How much money can be realized from the sales of the properties offered and how much time will it take? Sounds like a plea by Milanes and his lawyers to postpone the actual closure of this case. Pay up or go to trial. He is asking the investors to accept a settlement based on assumptions (assessed value) and not actuality (Who will pay that price?) We all know that property is only worth what someone will pay for it. The preliminary hearing in March will be most interesting and perhaps set a precedent for acceptable collateral in future fraud cases.

Another case to consider is the Villalobos Brothers court awards. The settlement reached was 38.47% of the invested amounts/court awards. The first payment of 27.59 percent was received in early March of 2010. The investors are still waiting for the second installment of 10.88 percent.

I understand that the delay is attributed to the sale of properties confiscated by the courts which were to be sold and the moneys distributed to the investors. Is the second payment 10.88 percent based on the court's assessed appraisal value or the actual selling value? Have the properties been sold? If so, when is the second payment to be distributed?

If properties are accepted as part of a package cash deal then they should be sold first and the resulting sales money added to the pot. Otherwise it is just speculation and it is anybody's guess as to the real value of the properties, and probably more important will take years to complete the "deal."

It is a real dilemma for the investors: Take what is proffered and be thankful or to call his bluff and hope that justice will be served. What to do?
Jim Irwin
Group of 15 Canadian investors.
Toronto

We must be good stewards
but also smart about it


Dear A.M. Costa Rica

Re: Paul E. Hargraves' letter

When I first read Paul’s letter, I almost skipped it. Great! Another partisan viewpoint! He quickly dismissed and insulted all those with whom he disagreed.

I guess I was bored, so I kept reading. He is obviously the smartest person in the room. I followed with interest his logic and science of the earth warming and the consequences that may follow. He certainly was convincing with his moot argument. No one is arguing that the earth’s climate is not in constant change! I’ll venture to say that no one actually believes that man is not leaving his footprint. But how big is that footprint? Enough with the anecdotal convictions — let’s quantify it!

Once we quantify man’s footprint (agriculture, building structures, manufacturing, burning fossil fuels) vs. nature’s footprint – we can logically decide if we need a global (i.e. *all* countries) political solution to affect the warming trend. But let’s assume man’s footprint is proven to be the problem, I’m onboard to help fix it! What to do? So far, current or suggested solutions involve redistributing wealth (carbon bonds, cap & trade). They do nothing to reduce CO2 gases. Do you have a better plan? Is it economically viable?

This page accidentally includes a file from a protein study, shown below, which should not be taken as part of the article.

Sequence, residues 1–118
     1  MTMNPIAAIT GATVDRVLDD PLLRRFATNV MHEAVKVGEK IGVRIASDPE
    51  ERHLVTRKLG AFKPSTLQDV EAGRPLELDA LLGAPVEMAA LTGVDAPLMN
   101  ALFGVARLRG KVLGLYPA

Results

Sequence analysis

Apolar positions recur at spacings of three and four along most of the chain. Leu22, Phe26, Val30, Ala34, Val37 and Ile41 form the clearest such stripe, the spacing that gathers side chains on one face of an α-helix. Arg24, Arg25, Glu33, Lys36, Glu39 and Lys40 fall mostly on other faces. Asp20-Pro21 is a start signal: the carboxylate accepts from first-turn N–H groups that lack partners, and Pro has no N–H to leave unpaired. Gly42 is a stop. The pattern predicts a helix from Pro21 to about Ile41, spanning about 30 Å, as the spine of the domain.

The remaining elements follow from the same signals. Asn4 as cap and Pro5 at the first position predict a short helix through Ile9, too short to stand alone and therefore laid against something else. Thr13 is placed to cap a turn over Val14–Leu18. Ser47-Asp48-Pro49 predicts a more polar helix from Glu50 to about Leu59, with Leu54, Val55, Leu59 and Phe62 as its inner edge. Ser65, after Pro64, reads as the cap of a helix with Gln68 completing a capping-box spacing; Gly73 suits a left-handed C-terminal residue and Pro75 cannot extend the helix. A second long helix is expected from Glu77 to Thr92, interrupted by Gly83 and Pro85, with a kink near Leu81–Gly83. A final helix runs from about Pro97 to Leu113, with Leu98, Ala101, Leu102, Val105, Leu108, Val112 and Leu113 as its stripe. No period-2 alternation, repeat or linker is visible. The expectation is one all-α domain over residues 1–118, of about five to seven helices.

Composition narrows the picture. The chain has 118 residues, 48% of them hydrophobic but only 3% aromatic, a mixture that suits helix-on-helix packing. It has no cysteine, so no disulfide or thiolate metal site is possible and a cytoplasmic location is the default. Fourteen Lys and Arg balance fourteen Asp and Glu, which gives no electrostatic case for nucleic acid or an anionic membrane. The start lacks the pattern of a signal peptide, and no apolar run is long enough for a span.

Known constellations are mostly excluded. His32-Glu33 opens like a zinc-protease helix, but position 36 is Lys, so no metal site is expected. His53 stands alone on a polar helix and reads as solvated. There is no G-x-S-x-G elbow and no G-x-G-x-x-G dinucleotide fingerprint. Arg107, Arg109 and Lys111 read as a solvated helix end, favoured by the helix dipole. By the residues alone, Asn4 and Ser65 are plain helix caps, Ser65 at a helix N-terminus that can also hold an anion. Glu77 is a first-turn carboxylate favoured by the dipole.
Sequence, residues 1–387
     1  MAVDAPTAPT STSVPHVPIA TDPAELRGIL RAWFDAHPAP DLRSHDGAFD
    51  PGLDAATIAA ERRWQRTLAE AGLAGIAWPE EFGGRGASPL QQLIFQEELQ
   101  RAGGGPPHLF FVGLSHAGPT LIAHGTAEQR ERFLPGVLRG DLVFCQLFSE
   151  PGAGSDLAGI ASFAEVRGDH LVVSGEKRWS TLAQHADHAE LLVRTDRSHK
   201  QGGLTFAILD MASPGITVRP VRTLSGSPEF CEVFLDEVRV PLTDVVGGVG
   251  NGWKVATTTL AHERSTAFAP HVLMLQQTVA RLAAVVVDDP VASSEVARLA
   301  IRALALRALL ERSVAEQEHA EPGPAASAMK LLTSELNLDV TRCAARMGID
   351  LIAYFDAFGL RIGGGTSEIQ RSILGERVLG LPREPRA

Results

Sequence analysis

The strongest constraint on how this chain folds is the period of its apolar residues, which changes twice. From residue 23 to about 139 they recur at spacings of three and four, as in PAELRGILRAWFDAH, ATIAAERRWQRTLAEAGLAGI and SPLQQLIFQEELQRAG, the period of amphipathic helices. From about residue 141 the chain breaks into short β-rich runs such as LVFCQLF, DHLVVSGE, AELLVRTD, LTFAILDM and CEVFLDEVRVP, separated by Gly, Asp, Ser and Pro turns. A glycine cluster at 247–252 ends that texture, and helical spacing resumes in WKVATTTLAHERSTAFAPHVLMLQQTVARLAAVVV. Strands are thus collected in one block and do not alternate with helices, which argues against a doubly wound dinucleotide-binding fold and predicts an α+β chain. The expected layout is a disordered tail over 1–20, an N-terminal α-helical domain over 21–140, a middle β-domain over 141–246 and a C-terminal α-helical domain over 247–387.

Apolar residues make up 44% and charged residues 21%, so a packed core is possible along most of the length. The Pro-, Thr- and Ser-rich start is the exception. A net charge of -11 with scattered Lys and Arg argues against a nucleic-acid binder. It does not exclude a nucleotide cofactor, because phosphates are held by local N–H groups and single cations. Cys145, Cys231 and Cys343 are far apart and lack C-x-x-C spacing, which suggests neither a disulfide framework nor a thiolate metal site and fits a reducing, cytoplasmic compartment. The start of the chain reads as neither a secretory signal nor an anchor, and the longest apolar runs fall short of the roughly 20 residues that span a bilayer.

My problem is that I feel scientists, along with journalists and educators have been hijacked by this partisan train. Because Paul and others comes across as partisans, I suspect their data and facts were cherry picked to support their respective arguments. Climategate?

Also by blaming everything on global warming (and we do), we don’t look locally for the real culprit or solution. We (as individuals) cannot dismiss our responsibility as good stewards of this planet, but let’s be smart about it.
Steve Clark
Curridabat

Fire drill will be on boat

By the A.M. Costa Rica staff

Firemen are going to hold a drill Tuesday on a boat docked in Puerto Limón.

This will be the first simulation to involve a ship, although the Cuerpo de Bomberos conducts drills like these every month. The cargo ship that will be involved in the drill will be at the Alemán dock. It is owned by the Medinter company, said firemen.

The drill also will involve the fire protection unit on the boat, which has 24 crew members. Other agencies also will participate.

 
Find out what the papers
said today in Spanish


By the A.M. Costa Rica staff

Here is the section where you can scan short summaries from the Spanish-language press. If you want to know more, just click on a link and you will see and longer summary and have the opportunity to read the entire news story on the page of the Spanish-language newspaper but translated into English.

Translations may be a bit rough, but software is improving every day.